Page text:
Common Domainer Misconceptions

Common Domainer Misconceptions

One of the easist mistakes many domain investors make is paying too much attention to their average daily revenue and not really understanding what it really means. The average daily revenue is made up from all of the individual earnings of each domain in a portfolio…..which makes sense but underneath that statement is a lot of hidden meaning.

A couple of years ago I met with the CEO of a large domain portfolio and they were amazed when I began to unpack the data that made up their average figures. So let’s look at a number of the misconceptions that many people hold to around their average numbers.

The Law of Averages

It's best to look at an example to illustrate what I'm talking about. Let's imagine that you have two domains in a portfolio, and The average earnings per day for is $1 and is $0.10. Obviously, the average daily earnings for the portfolio is $1 + 0.10 = $1.10 per day.

If you are able to increase the earnings of by 50% (which is a lot) then the earnings become $1.15 per day....which is barely a blip on the radar for most portfolio owners. Now here's the interesting part. Most people have 10 times more type B domains compared to type A domains. This means the average daily earnings is actually $1 + 10 x $0.10 = $2 per day.

If we increase the earnings of all type B domains by 50% then the results is $3 per day or 33% increase overall in earnings. This is a substantial uplift and is ACTUALLY ACHIEVABLE....all you need to do is really think about how your domains earn revenue. Here are three misconceptions that many domainers don't really think about.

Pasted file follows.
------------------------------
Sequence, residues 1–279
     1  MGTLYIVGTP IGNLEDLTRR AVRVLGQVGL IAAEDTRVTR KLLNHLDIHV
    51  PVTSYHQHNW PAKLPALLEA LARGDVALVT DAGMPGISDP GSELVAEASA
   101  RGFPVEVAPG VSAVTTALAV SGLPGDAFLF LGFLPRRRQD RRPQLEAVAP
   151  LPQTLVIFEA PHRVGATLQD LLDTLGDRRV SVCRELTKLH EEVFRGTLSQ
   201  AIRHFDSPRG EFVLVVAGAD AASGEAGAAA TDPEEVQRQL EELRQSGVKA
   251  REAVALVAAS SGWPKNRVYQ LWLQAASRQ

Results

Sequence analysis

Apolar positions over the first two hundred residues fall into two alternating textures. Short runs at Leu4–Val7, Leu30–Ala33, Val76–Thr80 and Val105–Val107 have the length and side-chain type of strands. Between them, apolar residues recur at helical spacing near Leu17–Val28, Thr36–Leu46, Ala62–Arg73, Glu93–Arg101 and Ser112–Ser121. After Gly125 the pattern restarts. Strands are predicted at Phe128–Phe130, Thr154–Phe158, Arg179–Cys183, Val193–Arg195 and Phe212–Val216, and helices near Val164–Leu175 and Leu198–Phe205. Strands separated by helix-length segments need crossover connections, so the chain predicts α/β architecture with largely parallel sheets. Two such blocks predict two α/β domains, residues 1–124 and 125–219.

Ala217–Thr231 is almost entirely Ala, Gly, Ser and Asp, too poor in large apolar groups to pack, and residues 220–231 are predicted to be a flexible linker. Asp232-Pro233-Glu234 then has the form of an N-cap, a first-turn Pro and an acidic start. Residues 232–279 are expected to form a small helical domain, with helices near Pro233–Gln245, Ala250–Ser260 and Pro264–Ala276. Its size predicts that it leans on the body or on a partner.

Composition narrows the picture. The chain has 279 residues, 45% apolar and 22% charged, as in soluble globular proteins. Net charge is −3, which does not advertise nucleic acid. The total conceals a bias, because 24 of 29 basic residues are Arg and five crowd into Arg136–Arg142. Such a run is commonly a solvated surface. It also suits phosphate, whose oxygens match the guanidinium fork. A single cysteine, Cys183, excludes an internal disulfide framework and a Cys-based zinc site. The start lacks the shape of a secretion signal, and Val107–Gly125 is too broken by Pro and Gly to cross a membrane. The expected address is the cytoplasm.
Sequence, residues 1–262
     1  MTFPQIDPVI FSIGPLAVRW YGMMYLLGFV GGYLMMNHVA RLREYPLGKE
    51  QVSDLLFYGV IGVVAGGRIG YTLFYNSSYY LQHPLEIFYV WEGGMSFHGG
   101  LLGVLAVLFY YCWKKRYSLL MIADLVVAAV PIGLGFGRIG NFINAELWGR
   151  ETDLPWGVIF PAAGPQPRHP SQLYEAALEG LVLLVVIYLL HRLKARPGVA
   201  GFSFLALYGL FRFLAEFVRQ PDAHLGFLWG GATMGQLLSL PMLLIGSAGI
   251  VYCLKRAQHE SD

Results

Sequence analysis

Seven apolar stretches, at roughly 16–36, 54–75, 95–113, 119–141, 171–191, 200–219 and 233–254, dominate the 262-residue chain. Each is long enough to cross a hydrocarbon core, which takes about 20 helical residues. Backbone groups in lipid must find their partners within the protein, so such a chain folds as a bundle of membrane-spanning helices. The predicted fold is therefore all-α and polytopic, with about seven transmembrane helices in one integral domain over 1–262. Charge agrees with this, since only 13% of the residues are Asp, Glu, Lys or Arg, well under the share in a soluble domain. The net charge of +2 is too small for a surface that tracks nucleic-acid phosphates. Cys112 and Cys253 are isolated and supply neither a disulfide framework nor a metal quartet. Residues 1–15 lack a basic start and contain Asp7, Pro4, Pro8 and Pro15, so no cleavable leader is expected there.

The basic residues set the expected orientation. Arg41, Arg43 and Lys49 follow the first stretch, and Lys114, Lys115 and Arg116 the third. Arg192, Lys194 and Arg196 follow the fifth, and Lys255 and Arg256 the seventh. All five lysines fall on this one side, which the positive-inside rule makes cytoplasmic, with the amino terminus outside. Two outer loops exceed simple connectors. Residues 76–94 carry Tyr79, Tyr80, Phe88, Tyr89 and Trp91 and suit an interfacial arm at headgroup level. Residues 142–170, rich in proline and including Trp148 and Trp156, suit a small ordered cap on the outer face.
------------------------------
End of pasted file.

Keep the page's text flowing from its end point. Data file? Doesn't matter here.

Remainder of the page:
Misconception One - Park All Of Your Domains At One Place

The problem with most domain owners is that they leave all of their domains with a single monetisation provider. This strategy can have a dramatic impact on your earnings.

After collecting data across the last 8 years at ParkLogic we've seen that no single parking/monetisation source wins more than 25% of the traffic at any point in time. This means taht you could be getting paid more for your traffic 75% of the time!

What's interesting is that this doesn't really depend that much upon your revenue shares etc. You could be getting paid 100% and the results are still much the same. The reason for this is that around 30% of the domains move every 3 months to a new higher paying solution. Finding out which 30% should move is part of our "secret sauce".

If you want to increase your revenue then do NOT place all of your traffic domains with a single source.

Misconception Two – Google Pays The Most

As much as parking companies endeavour to optimise traffic they largely have their hands tied behind their backs by Google. How is this? For a start, assuming that your domain is not blocked by Google (ie. it’s not a bad domain) then contractually the traffic for that domain MUST first be monetised by Google to the exclusion of all other monetisation solutions. This means that the domain traffic ONLY gets Google’s best price and this is not necessarily the top price that a domainer can receive for their traffic.

Never forget, that although Google is a key domainer partner they are obligated to first increase shareholder value and that improving your revenue comes in a distant second place. As can be seen from the below graph, for the past ten years Google has been driving down their Traffic Acquisition Cost (TAC). The domain traffic channel is a part of the TAC.